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The Weight of Elephants poster

Review: Jobs, The Weight of Elephants, Red 2, White House Down, Salinger & In the House

By Cinema and Reviews

Demos Murphy in Daniel Borgman's The Weight of Elephants (2013)

Jobs posterThe best way I can think of to sum up Jobs, the hastily-prepared not-quite adaptation of Walter Isaacson’s hastily-published biography of the Apple co-founder, is that its subject would have hated it. After all, Steve had taste and — famously — exercised it. He also didn’t release products until they were ready whereas Joshua Michael Stern’s film feels like the winner of a race to be first rather than best.

Ashton Kutcher impersonates Mr. Jobs effectively enough, to the extent of mimicking the man’s strange lope, but never gets further under his skin than a blog post or tabloid headline might. I suspect that is not a comment on Mr. Kutcher’s talent but on the episodic script by first-timer Matt Whiteley. Josh Gad’s Woz provides comic relief only and the amount of fake facial hair on offer suggests the film might better have been titled iBeard.

The Weight of Elephants posterOperating on a much deeper level is Daniel Borgman’s The Weight of Elephants, a film that prioritises what goes on under the surface almost to the complete exclusion of plot. Gorgeous Demos Murphy plays 10-year-old Adrian, living with his depressed Uncle Rory (great Matthew Sunderland) and Gran (Catherine Wilkin) in suburban Invercargill. The strange disappearance of three local children has an upsetting effect on a boy who is struggling to fit in to the world around him anyway.

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Review: Existence, Song of the Kauri, Magic Mike, Bel Ami, The Princess of Montpensier

By Cinema and Reviews

Update (2 Aug 2012): The unfinished screener of Song of the Kauri that I watched had a caption that stated that New Zealand imported more timber than it exported. It turns out that this isn’t actually true and that the caption doesn’t appear in the finished version of the film that screens in NZFF. Director Mathurin Molgat emailed me last night:

This was a fact that my research proved to be incorrect. We import exotic hardwoods but our exports of Pinus Radiata far outstrip our total imports. In the finished film that statement is not included.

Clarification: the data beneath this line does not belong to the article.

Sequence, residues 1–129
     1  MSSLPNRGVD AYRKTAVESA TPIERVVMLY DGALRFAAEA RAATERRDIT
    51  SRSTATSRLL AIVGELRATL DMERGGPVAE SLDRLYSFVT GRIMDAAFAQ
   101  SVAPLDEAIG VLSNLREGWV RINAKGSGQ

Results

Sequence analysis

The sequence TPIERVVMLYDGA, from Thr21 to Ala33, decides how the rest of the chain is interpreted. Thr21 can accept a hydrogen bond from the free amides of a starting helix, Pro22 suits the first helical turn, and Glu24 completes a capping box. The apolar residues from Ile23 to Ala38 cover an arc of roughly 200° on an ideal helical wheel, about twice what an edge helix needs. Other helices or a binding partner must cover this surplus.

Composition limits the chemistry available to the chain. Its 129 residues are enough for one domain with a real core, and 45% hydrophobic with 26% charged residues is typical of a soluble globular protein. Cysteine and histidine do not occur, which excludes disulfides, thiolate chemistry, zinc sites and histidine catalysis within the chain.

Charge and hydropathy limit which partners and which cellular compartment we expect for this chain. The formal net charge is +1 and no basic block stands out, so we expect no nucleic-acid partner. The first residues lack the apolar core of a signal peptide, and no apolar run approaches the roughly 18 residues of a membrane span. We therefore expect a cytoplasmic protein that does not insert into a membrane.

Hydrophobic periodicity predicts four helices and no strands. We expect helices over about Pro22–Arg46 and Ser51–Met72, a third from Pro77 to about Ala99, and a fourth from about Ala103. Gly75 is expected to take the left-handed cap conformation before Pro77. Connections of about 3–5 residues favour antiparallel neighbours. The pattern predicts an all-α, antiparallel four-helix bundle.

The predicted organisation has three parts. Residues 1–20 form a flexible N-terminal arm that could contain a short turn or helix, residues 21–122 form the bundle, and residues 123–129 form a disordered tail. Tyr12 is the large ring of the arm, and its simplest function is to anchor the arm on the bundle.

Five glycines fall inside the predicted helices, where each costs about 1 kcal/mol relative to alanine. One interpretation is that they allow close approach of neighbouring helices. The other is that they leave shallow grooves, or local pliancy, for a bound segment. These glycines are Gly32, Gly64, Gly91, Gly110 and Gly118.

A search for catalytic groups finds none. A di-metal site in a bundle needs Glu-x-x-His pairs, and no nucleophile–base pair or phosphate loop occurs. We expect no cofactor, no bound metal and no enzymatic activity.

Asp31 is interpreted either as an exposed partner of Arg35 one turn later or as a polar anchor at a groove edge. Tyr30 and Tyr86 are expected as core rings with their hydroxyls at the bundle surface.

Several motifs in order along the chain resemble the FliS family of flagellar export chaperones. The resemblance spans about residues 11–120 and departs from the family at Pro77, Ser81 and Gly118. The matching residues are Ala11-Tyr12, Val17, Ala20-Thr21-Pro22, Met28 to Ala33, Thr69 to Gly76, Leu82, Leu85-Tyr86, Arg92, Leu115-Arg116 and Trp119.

Funerals & Snakes apologies for any inconvenience the error might have caused.

End of update.

Existence posterIn a bleak and windswept environment, high in the hills surrounded by forbidding wind turbines, a ragged band of outcasts work tirelessy together to make something out of almost nothing. They are resourceful and determined — battling extreme conditions and overcoming impossible odds. I’m talking about the characters in new Wellington feature film Existence which gets its premiere in Wellington on Friday night, but I might as well be describing the filmmakers themselves who shot the film in the hills around Belmont and Makara in 2011. Existence is the first product of the NZ Film Commission’s low budget Escalator programme and is a testament to the depth of talent in the industry here.

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Review: The Devil’s Rock, The Lion King (3D) and Little White Lies

By Cinema and Reviews

The Devil's Rock posterWith The Devil’s Rock, Wellingtonian Paul Campion has created an effective slice of pulp cinema, perfectly pitched to fly off video store shelves around the world. A fiendishly simple idea — Nazi Devil-worshippers — is executed with a panache that belies the tiny (virtually) self-funded shooting budget. Despite being some distance from everyone’s cup of tea, The Devil’s Rock knows its intended audience and shouldn’t disappoint them.

Just before D‑Day in 1944 a pair of NZ commandos (Craig Hall and Karlos Drinkwater) silently beach themselves on a remote Channel Island. Their mission is to disable the German guns, and fool the enemy into thinking the Allied attack will be more than 150 km further west than the real plans to land at Normandy. As they make their way inside the spooky fortifications an unholy scream from the depths below raises the hair on the back of their necks and introduces them to a terror more … terrifying than anything in their original mission.

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